Sunday, January 27, 2013

Two of My Favorite Things - Zucchini Fritters & Veggie Spaghetti Sauce

I've developed quite a friendship via Twitter with a seemingly random group. We are pediatricians, SAHMs, librarians, writers, and, I believe, a lawyer. One thing we all have in common, the ties that bind, are that we all have children of all age ranges, and we all love food - cultural, natural, tricking-the-kids-into-eating-veggies, cleaning-out-the-pantry food.

Smiles may be one universal language, but so is food, and my tweeps make me smile as well as indulge my love of food.

That being said, and in efforts to utilize more veggies in life, I promised them I'd share two recipes I have that I thought would be too difficult to type out in 140 characters, especially once I got all the twitter handles into the message.

The first I promised is for Zucchini Fritters. These lovelies are truly divine when they're fresh. I thought they got a little soggy after chilling, but I would recommend trying to reheat them in the oven to crisp them up again, if you have leftovers. The recipe is courtesy of a parenting magazine.

Prep Time: 15 minutes plus 2+ hours draining and chilling time
Cook Time: 20 minutes

2 lbs zucchini, cleaned & grated
2 tsp sea salt, plus more for sprinkling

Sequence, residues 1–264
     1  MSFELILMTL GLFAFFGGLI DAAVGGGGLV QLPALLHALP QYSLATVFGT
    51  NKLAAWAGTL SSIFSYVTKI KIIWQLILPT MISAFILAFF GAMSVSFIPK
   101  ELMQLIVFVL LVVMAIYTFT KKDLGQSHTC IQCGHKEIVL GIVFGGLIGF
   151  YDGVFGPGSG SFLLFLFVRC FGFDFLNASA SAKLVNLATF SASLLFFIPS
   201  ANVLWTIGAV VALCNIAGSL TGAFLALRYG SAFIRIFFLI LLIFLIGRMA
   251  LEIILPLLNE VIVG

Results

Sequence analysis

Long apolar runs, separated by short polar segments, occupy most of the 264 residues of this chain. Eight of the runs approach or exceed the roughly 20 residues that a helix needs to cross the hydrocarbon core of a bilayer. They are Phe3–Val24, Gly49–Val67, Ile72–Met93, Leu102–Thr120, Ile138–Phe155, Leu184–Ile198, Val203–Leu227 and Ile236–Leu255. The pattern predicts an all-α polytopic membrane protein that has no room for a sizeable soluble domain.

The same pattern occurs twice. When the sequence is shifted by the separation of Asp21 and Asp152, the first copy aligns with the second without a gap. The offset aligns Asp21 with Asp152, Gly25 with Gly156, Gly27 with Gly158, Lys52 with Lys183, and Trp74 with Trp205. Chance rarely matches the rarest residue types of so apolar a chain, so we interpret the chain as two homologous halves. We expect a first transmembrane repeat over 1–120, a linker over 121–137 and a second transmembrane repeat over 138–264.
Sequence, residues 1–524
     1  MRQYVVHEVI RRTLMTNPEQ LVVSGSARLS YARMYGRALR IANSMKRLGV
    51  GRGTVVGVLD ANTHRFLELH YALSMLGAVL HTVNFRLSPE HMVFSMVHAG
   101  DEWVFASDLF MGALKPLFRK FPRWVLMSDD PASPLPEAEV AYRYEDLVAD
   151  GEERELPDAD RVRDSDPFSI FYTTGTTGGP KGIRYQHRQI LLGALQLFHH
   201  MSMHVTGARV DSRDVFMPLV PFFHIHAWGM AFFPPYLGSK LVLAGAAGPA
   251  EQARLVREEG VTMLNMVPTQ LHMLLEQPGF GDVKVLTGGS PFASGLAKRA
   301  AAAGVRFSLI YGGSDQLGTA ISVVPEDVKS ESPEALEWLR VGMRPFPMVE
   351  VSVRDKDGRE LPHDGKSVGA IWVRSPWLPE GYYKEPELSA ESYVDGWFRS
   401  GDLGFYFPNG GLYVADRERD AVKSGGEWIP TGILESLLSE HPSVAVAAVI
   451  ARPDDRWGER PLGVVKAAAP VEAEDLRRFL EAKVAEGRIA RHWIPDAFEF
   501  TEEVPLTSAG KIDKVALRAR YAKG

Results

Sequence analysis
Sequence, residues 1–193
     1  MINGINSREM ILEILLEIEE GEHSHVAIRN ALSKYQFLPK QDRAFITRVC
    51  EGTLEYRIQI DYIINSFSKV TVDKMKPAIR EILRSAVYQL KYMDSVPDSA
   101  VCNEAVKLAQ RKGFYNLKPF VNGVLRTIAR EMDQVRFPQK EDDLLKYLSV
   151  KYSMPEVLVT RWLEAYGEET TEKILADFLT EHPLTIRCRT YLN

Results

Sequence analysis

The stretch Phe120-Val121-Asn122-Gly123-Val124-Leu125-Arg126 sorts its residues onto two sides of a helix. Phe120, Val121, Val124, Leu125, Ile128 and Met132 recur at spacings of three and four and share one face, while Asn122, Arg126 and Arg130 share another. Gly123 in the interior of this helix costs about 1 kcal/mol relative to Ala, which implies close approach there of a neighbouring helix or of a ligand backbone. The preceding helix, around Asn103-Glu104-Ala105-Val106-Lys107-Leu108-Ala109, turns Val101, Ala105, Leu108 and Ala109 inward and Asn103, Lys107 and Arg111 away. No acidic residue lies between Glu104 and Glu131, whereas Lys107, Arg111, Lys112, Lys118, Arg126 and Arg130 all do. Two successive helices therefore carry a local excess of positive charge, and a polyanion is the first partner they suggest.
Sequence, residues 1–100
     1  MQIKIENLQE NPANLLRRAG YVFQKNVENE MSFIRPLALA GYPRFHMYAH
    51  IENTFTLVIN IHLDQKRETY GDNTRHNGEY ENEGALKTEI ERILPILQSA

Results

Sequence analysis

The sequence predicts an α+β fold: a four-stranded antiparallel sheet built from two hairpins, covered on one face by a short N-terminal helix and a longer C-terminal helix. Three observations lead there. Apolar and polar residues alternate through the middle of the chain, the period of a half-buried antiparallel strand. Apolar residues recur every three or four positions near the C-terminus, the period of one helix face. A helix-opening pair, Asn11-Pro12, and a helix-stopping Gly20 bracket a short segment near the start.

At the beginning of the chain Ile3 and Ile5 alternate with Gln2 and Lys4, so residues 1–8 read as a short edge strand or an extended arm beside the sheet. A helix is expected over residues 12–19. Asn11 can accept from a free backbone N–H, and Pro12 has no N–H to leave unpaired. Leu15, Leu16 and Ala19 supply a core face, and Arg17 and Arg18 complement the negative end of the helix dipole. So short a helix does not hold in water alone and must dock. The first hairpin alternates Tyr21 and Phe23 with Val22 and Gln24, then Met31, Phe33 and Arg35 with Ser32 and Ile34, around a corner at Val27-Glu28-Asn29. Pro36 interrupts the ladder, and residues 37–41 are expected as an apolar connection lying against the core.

2 large eggs, beaten
3 Tbs freshly grated Parmigiano-Reggiano or other hard Italian cheese
1 Tbs flour
1 Tbs fine breadcrumbs
freshly ground black pepper to taste
Olive Oil for frying

1. Put shredded zucchini in a colander and sprinkle with sea salt. Then, place a plate and weight on top of the zucchini to press out excess water for 2+ hours (put colander in the sink)
2. Transfer zucchini to a clean kitchen towel and squeeze to remove any remaining moisture. In medium bowl, mix the zucchini w/ the beaten eggs, cheese, flour, breadcrumbs, and pepper. (For gluten-intolerance, the flour and breadcrumbs can be substituted). Chill for 1 hour. (Mixture should be soft but not watery.)
3. Fill a deep skillet w/ 1 1/2 inches of oil and heat over medium-high heat until it sizzles. Add rounded spoonfuls of zucchini mixture, taking care not to crowd the pan (remember, adding the mixture cools the oil, so add slowly and carefully). Fry until golden and crisp, about 5 minutes, turning once halfway through. Using a slotted spoon, transfer the fritters to paper towels to drain. Sprinkle while hot with sea salt. Repeat with the remaining zucchini mixture. Serve immediately.

SO YUMMY! I could easily have eaten the entire batch. I ate them plain, though I could easily see this  being dipped into a tzatziki or some other tangy dip.